Describes the various styles and types of pocket and wrist watches that became popular in the early 20th century. The evolution of design and technology made watches not only precision instruments but also fashion accessories.


  • Wristwatches began to surpass pocket watches in popularity due to their practicality.
  • Innovative designs and the use of precious materials made these watches not only precision instruments but also fashion accessories.
  • Some wristwatches of the era included functions such as chronographs and moon phase indications.

15. Часовая промышленность в Шварцвальде (Watch Industry in the Black Forest)

Explores the watchmaking industry in the Black Forest, famous for its cuckoo clocks and high-quality craftsmanship. The region is renowned for its horological tradition and the craftsmanship of its products.


  • Black Forest cuckoo clocks are famous worldwide for their craftsmanship and unique design.
  • The region has a long tradition of watchmaking dating back to the 18th century.
  • Black Forest watchmakers were known for their skill in creating intricate and decorated clocks.

16. Фабрика Юнгганс в Шрамберге (Junghans Factory in Schramberg)

Description of the Junghans factory and its contribution to modern watchmaking, emphasizing mass production and technical innovation. Junghans has become one of the leading watch companies in Germany.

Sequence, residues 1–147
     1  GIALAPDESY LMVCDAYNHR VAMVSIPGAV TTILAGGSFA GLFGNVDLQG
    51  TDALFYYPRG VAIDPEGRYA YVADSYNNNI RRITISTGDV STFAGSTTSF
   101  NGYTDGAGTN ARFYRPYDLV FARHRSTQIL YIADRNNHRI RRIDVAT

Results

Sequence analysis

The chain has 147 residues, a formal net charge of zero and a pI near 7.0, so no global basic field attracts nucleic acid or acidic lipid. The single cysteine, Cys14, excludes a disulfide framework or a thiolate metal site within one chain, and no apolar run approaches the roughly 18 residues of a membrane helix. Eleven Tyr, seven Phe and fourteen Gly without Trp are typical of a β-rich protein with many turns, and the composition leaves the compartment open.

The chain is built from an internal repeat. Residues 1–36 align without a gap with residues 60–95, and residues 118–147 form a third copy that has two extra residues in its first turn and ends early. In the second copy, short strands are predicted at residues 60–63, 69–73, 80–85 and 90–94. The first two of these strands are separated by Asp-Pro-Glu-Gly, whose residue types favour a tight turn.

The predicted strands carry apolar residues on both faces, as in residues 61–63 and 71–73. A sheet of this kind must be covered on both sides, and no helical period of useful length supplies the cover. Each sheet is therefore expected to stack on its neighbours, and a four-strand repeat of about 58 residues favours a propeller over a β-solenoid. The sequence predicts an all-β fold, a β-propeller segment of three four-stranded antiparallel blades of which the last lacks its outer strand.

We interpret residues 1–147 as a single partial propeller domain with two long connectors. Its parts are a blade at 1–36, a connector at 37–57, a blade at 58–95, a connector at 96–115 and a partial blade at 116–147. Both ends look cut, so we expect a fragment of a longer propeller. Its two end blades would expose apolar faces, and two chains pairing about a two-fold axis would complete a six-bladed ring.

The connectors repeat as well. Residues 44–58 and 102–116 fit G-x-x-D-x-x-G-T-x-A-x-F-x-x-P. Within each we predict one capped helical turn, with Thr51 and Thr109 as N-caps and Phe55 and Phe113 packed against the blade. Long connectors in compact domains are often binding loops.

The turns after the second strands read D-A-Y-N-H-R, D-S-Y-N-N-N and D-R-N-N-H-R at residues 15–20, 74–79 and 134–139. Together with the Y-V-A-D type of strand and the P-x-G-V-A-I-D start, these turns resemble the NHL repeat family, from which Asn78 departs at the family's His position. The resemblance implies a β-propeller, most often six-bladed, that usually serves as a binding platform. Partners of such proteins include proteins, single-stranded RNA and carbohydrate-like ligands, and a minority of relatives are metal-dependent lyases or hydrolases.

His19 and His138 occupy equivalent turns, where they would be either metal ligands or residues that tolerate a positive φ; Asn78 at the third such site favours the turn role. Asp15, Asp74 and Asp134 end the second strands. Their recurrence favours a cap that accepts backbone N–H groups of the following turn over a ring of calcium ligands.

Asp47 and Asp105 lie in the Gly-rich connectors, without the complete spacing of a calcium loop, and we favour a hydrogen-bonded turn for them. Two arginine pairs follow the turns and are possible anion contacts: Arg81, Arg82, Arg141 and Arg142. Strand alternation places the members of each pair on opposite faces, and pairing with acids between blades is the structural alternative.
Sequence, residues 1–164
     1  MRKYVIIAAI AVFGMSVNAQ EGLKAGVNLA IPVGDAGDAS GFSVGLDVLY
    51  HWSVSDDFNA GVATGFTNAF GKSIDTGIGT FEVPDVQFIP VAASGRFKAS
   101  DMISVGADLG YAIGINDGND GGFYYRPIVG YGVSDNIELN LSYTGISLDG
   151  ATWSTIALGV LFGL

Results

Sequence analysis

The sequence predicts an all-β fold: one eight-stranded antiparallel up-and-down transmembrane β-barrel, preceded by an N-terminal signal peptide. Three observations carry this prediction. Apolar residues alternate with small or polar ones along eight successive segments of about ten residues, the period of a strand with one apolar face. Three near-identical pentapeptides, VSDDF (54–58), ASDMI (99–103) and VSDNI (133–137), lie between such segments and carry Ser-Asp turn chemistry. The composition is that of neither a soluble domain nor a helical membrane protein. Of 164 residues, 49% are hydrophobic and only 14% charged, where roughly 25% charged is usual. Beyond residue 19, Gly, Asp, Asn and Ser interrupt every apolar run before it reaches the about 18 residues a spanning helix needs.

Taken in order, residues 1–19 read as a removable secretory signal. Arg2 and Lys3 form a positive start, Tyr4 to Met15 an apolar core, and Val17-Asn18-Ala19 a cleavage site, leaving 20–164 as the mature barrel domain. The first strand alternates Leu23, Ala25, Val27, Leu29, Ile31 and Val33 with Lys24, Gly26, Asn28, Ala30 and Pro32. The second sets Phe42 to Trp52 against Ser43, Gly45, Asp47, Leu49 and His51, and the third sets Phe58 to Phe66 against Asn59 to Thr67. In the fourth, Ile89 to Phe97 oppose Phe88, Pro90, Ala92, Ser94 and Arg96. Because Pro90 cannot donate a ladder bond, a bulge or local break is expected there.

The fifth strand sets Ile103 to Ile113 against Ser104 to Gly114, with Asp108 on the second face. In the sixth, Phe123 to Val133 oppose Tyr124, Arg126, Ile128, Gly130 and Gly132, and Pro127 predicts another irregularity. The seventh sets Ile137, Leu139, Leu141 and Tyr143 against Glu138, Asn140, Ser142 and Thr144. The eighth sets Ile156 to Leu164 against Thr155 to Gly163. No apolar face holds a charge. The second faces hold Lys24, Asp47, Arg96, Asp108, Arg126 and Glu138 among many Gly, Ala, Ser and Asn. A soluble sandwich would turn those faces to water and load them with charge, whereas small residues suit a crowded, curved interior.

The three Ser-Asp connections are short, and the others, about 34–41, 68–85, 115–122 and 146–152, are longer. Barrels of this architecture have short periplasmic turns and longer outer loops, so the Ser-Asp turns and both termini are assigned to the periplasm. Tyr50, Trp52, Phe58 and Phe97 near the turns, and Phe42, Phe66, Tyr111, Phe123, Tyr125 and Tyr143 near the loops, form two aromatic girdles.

• Junghans was founded in 1861 and quickly became one of the world’s largest watch manufacturers.
  • The factory introduced many innovations, including new production methods and modern designs.
  • Junghans was known for producing precise and reliable watches, including chronographs and wristwatches.

17. Фабрикация карманных часов в Пруссии (Manufacturing of Pocket Watches in Prussia)

Analysis of the production of pocket watches in Prussia and the region’s role in the development of European watchmaking. Prussia was an important centre of watchmaking in the 19th century.


  • Prussia was a significant centre for producing high-quality watches during the 19th century.
  • Many Prussian watchmakers were known for their craftsmanship and attention to detail.
  • Watchmaking production in Prussia significantly contributed to the local economy and the region’s reputation as a centre of horological excellence.

18. Часовая фабрика Адольфа Ланге с сыновьями в Гласхютте в Саксонии (Adolf Lange & Söhne Watch Factory in Glashütte, Saxony)